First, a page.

Some individuals produce a very effective immune response, so they will not develop the disease and will not transmit the virus to others (referred to as ‘sterilizing’ immunity). Other people produce antibodies and can be protected from the disease, but they may still be carriers of the virus and can infect others (referred to as ‘protective’ immunity).

Older people, as well as those whose immune systems are compromised by autoimmune diseases, immunodeficiency diseases, or by taking some medicines, are unable to make immune

responses as good as those of healthy young people. Reduced immune responses have been observed as well in children compared with adults.

Natural immunity or infection-induced immunity declines over time due to the decrease in the quantity of antibodies and may result in reinfection. When antibodies are missing, immunity can be revived. If a person encounters again the virus, antibody-secreting cells can be regenerated from the memory B and T cells. So, while the presence of antibodies is a good sign of immunity, examining memory B and T cells may give a better correlation of protection.

Reinfection depends on the immunity level a person derives from the first infection and the exposure to social environment. The evidence of reinfection is difficult to obtain but several documented cases have shown that reinfection is possible in a few months after the first infection. Reinfection rates have been linked to antibody levels.

Vaccine-induced immunity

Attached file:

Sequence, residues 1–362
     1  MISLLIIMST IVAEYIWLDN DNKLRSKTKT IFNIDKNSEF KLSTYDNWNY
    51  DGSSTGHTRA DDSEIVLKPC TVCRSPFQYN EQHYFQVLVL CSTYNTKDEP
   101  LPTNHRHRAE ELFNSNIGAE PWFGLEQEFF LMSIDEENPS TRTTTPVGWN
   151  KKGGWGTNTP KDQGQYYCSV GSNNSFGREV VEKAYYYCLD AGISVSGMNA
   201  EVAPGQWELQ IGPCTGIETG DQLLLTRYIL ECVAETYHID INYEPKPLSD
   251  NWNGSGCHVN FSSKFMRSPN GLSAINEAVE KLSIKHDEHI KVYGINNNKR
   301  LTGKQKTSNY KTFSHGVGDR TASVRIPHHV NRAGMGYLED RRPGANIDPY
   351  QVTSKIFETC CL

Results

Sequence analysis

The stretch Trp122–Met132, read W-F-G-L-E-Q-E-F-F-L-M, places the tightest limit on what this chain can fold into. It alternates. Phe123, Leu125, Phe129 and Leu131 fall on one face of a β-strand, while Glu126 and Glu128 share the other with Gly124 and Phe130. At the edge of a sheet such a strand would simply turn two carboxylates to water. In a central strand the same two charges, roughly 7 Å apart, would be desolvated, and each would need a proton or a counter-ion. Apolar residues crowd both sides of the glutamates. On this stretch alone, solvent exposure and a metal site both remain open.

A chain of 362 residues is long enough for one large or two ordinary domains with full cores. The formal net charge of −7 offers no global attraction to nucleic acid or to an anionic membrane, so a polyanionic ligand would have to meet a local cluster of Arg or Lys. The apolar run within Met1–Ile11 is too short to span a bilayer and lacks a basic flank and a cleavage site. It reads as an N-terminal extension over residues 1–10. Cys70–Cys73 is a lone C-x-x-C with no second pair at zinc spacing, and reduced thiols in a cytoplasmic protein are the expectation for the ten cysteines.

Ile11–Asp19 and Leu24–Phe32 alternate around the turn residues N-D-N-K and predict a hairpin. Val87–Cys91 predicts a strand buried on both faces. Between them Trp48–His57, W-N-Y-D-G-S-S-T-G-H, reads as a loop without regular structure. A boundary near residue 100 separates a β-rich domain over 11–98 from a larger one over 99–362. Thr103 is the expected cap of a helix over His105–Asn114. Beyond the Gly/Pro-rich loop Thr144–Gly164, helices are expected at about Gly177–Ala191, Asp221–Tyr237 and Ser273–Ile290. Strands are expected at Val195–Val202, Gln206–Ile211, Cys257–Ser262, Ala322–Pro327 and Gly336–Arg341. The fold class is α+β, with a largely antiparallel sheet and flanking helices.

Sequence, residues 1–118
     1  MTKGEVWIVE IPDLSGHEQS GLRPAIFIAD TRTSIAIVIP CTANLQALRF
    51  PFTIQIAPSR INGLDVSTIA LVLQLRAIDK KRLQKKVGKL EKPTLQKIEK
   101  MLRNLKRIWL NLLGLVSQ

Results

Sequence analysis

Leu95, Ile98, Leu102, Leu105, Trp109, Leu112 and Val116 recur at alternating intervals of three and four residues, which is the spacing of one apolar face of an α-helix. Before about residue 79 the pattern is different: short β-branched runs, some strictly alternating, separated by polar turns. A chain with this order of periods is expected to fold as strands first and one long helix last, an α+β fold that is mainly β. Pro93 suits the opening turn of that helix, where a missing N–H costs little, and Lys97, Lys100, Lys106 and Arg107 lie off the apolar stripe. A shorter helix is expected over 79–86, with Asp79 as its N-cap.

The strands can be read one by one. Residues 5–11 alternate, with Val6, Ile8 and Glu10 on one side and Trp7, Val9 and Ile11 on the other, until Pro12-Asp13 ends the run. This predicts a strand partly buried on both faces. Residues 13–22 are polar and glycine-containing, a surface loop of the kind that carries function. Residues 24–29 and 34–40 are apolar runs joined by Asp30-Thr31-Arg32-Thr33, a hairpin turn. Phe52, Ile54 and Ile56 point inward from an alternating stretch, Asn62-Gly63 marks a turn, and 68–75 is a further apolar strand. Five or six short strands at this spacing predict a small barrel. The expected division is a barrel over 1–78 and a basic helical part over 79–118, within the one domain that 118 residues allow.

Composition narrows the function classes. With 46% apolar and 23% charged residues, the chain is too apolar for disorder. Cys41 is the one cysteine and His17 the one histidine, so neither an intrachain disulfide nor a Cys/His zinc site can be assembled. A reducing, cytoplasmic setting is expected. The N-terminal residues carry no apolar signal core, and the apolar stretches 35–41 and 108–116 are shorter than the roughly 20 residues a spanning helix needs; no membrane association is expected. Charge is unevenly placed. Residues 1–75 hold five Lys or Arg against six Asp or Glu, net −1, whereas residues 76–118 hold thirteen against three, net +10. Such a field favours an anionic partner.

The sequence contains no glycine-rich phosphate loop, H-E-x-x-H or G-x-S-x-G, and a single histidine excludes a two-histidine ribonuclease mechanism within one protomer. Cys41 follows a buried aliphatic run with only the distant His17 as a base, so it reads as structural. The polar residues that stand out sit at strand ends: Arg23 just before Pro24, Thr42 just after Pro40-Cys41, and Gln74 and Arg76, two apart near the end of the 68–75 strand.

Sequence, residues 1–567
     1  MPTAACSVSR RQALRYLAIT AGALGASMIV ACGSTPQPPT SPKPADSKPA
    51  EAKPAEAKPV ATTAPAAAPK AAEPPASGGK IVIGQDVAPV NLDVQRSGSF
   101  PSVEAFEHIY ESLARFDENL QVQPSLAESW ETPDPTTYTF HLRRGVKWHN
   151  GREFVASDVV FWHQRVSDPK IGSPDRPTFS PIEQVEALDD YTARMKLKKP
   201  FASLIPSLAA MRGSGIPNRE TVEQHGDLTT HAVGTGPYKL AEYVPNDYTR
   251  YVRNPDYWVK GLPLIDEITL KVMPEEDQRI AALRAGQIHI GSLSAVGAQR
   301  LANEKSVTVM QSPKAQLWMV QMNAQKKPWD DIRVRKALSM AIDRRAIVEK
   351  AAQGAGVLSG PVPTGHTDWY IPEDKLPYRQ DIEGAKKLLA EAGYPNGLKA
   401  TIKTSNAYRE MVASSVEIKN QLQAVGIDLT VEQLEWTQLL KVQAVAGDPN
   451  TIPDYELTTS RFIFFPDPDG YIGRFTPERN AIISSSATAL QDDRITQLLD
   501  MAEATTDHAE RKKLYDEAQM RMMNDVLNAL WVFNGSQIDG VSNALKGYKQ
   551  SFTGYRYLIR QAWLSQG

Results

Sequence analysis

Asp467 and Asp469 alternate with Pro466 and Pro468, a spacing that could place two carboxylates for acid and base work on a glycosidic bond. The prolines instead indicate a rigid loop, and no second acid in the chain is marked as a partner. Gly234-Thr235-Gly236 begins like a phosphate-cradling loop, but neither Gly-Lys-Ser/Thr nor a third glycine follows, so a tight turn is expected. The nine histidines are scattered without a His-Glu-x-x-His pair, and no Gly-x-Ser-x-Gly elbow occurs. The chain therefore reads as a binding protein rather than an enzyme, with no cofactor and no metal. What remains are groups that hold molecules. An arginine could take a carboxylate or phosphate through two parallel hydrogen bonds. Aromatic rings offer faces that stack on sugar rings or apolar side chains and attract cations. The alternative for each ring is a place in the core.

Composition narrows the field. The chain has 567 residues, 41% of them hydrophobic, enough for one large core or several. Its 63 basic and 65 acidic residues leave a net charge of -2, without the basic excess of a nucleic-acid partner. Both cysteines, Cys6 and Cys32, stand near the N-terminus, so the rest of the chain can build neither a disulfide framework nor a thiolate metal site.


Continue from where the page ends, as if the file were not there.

Several COVID-19 vaccines are available to attain immunity to the virus by stimulating an immune response to a foreign body (referred to as antigen), that is, the S protein which the virus normally utilizes to invade human cells. The vaccines are of four types: 1) messenger ribonucleic acid, or mRNA (e.g., Pfizer-BioNTech, Moderna), 2) viral vector (e.g., AstraZeneca-Oxford, Johnson & Johnson), 3) inactivated virus (e.g., Sinovac), and 4) protein subunit (e.g., Novavax). The mRNA vaccine is used to give human cells the instructions to make S protein in large quantity using the cells’ protein machinery. Viral vector vaccine which uses genetically modified adenovirus causing common cold works by giving human cells the genetic instructions to make S protein. The inactivated vaccine utilizes a non-replicating virus whose genetic material has been disabled but the S protein remains intact. Protein subunit vaccine contains fragments of the S protein being introduced into the human cells.